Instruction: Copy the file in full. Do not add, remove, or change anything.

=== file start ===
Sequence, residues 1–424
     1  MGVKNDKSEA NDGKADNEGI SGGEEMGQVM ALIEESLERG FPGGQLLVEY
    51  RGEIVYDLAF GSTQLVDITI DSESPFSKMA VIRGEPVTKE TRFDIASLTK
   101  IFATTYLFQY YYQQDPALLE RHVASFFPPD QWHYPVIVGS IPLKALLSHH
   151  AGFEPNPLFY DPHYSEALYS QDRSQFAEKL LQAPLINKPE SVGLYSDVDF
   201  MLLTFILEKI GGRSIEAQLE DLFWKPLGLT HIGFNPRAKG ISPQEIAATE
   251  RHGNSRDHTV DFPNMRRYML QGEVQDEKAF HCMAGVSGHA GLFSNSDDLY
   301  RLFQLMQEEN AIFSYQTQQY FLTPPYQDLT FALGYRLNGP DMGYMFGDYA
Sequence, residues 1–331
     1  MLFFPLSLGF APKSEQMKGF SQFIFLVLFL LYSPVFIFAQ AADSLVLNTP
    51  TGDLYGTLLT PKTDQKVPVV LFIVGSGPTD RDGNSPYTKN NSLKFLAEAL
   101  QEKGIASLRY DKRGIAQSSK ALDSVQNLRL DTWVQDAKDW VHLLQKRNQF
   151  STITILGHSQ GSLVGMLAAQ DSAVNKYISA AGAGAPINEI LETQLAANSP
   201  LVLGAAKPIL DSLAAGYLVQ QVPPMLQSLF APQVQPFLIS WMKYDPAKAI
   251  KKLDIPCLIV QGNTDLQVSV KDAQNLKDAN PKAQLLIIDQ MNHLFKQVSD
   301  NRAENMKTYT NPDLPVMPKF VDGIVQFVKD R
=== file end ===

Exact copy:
Sequence, residues 1–424
     1  MGVKNDKSEA NDGKADNEGI SGGEEMGQVM ALIEESLERG FPGGQLLVEY
    51  RGEIVYDLAF GSTQLVDITI DSESPFSKMA VIRGEPVTKE TRFDIASLTK
   101  IFATTYLFQY YYQQDPALLE RHVASFFPPD QWHYPVIVGS IPLKALLSHH
   151  AGFEPNPLFY DPHYSEALYS QDRSQFAEKL LQAPLINKPE SVGLYSDVDF
   201  MLLTFILEKI GGRSIEAQLE DLFWKPLGLT HIGFNPRAKG ISPQEIAATE
   251  RHGNSRDHTV DFPNMRRYML QGEVQDEKAF HCMAGVSGHA GLFSNSDDLY
   301  RLFQLMQEEN AIFSYQTQQY FLTPPYQDLT FALGYRLNGP DMGYMFGDYA
Sequence, residues 1–331
     1  MLFFPLSLGF APKSEQMKGF SQFIFLVLFL LYSPVFIFAQ AADSLVLNTP
    51  TGDLYGTLLT PKTDQKVPVV LFIVGSGPTD RDGNSPYTKN NSLKFLAEAL
   101  QEKGIASLRY DKRGIAQSSK ALDSVQNLRL DTWVQDAKDW VHLLQKRNQF
   151  STITILGHSQ GSLVGMLAAQ DSAVNKYISA AGAGAPINEI LETQLAANSP
   201  LVLGAAKPIL DSLAAGYLVQ QVPPMLQSLF APQVQPFLIS WMKYDPAKAI
   251  KKLDIPCLIV QGNTDLQVSV KDAQNLKDAN PKAQLLIIDQ MNHLFKQVSD
   301  NRAENMKTYT NPDLPVMPKF VDGIVQFVKD R